Insurance Homeowner Insurance

How to Challenge Your Homeowner's Insurance

    Before the Claim

    • 1). Read and understand your homeowners insurance policy before you buy. The better you know how your policy works, the easier it will be for you to file a claim when you suffer a loss.

    • 2). Pay close attention to the "exclusions" section of the policy so you understand what it won't pay for. All policies have some exclusions, with damage due to negligence or flood being two common examples. If you fear a loss from an excluded cause, ask about paying extra for extended coverage. Flood insurance, for example, is sold separately. Note the maximum coverage for specific categories of items, including jewelry and electronics.

    • 3). Understand how your insurance policy establishes the value of your home and possessions. In some cases, the replacement cost for an item might exceed its actual cash value. You can buy policies that match the best replacement rate, or spend less money and risk taking a hit when replacing valuables.

    • 4). Catalog your valuables on yearly or bi-yearly basis. Most homeowners policies will have a lump sum payment for general household goods, but you should have proof for any possessions worth more than a few hundred dollars.

    Filing a Claim

    • 1). Catalog, in writing, the kind of damage or loss you have suffered and take photos or video, if possible. Cellphones, especially smartphones, can be ideal for this purpose.

    • 2). Contact your insurance company's claims department as soon as possible after your loss. Follow the claims process precisely, including filling out and sending in any necessary forms.

    • 3). Remember throughout the claims process that your claims agent is not necessarily your friend. Part of his job is to be on the lookout for reasons to deny your claim. The process doesn't have to be adversarial, but you should be careful about what you say to company representatives.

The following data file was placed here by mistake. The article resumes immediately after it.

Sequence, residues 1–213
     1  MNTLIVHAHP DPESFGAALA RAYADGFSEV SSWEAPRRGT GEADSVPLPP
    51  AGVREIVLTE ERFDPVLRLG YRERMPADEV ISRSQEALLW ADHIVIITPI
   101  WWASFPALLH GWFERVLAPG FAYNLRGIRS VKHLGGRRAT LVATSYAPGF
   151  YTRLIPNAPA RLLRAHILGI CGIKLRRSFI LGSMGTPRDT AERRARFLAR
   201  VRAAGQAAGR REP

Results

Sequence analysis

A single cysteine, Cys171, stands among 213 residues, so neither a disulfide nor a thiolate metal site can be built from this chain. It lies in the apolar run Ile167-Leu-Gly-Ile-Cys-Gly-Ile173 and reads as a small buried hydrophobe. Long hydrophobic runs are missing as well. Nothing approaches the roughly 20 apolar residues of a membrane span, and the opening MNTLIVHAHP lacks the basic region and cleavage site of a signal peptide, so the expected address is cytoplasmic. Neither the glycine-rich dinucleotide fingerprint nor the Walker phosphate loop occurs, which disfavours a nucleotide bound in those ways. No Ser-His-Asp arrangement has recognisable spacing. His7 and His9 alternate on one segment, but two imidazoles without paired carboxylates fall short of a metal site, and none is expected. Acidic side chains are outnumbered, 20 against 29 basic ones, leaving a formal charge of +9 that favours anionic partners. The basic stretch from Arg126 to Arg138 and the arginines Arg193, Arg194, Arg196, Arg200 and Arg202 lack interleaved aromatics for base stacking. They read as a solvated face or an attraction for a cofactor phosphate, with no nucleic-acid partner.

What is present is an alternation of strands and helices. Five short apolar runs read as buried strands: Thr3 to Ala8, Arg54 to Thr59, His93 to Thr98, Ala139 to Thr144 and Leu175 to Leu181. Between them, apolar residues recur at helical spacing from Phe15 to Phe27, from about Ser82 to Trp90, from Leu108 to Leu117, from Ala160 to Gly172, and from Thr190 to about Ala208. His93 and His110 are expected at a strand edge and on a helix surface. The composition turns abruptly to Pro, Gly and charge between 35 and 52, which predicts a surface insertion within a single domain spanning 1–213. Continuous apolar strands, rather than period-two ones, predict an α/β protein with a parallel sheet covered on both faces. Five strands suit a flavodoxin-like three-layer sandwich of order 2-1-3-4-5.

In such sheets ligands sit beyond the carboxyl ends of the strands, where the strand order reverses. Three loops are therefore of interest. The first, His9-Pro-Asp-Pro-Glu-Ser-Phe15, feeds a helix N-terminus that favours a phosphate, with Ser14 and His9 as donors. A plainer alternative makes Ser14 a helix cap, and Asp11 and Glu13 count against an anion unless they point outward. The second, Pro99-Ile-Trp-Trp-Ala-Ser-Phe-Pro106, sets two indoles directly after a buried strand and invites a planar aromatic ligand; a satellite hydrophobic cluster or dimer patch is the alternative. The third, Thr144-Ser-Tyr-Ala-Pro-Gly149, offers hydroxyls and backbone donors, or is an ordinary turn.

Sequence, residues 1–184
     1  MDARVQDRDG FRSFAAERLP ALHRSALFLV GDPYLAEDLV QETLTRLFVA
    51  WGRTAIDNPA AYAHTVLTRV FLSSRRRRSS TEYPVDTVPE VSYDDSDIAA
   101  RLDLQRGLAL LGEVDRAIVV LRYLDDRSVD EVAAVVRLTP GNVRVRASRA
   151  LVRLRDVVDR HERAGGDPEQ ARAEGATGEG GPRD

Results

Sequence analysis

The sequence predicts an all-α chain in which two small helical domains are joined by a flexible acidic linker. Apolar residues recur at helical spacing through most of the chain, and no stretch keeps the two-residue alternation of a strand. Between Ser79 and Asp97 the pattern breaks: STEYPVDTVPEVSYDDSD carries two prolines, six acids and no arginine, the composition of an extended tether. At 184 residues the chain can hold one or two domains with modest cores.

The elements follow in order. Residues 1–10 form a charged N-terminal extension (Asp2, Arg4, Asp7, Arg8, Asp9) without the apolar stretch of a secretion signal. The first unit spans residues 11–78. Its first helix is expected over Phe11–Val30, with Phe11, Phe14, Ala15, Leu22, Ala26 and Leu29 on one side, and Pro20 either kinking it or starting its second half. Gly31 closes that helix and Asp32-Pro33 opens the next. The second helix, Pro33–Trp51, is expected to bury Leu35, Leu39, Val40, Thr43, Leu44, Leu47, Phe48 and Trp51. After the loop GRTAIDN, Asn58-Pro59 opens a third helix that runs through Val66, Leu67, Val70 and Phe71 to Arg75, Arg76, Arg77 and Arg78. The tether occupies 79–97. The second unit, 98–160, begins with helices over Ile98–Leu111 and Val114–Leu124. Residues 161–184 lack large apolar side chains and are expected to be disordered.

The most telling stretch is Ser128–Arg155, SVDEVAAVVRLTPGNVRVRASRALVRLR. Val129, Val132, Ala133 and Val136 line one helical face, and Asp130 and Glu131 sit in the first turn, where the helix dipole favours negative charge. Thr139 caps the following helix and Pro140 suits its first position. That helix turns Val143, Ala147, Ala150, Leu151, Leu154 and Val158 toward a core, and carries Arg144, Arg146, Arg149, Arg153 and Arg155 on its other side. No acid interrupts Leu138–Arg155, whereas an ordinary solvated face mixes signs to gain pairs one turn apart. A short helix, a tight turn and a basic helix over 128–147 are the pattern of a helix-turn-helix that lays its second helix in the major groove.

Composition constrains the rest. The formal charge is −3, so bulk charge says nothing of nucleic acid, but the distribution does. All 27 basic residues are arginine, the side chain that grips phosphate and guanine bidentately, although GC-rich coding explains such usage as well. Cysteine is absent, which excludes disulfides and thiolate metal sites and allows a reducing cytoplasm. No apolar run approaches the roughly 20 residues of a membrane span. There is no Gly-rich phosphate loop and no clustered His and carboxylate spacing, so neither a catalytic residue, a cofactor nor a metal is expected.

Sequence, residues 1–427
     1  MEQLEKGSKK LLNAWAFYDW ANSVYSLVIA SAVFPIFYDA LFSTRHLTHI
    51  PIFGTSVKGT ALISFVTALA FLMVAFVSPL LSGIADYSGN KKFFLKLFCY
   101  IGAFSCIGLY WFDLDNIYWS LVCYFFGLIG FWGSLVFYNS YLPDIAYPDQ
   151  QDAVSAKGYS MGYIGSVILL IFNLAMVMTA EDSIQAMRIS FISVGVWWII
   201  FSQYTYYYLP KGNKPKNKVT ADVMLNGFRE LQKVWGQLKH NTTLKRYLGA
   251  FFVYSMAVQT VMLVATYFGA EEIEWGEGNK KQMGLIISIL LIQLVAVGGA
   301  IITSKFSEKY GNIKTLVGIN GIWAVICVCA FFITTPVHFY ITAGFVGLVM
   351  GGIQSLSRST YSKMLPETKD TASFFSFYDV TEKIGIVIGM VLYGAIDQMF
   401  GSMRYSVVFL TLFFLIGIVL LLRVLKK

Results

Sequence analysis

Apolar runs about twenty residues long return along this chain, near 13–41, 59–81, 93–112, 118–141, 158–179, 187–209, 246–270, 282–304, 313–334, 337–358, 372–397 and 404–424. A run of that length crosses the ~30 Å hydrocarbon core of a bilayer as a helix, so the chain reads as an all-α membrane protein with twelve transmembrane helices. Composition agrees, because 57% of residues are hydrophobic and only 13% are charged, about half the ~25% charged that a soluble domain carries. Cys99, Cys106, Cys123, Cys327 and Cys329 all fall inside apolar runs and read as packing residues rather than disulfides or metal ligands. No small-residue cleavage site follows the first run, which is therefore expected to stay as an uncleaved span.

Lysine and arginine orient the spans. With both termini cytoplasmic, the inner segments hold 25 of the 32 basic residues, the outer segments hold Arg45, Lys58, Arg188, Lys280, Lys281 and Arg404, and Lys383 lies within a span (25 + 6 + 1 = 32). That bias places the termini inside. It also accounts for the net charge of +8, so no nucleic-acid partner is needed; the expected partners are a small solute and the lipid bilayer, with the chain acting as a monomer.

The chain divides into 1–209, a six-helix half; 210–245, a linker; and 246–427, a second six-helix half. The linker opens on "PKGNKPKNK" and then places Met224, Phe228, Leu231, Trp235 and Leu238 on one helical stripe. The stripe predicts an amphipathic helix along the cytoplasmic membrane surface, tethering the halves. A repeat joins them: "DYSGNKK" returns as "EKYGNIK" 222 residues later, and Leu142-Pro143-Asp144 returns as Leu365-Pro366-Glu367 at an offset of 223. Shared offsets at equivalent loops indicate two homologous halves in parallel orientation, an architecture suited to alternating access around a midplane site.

Claim Denied

    • 1). Contact your claims adjuster for a written explanation of why the claim was denied. Ask which specific sections of your policy contract justify the denial.

    • 2). Compare the denial to your copy of the policy contract. If it's a legitimate denial, you may be better served cutting your losses and moving on. If you think you have a case, go through your company's appeals process. Each company has one, and they are often scrupulous to be fair.

    • 3). Call a lawyer if the denial is upheld. Many lawyers who specialize in insurance claims offer free analysis and consultation, and then work for a percentage of the final settlement. You don't have to sue the insurance company, but the lawyer's advice can help you assess whether or not it's worth a try, and what strategy you should use.

    • 4). Contact your claims representative and suggest that you may sue if your claim isn't honored. Specify the points in your contract that support your belief that the claim is legitimate. This step may require many phone calls and several weeks. Document who you speak to and when, as well as any information that is provided.

    • 5). Sue the company as a last resort, and only if you feel you have a good chance of winning the claim. Lawsuits are long and often more expensive than the initial loss.

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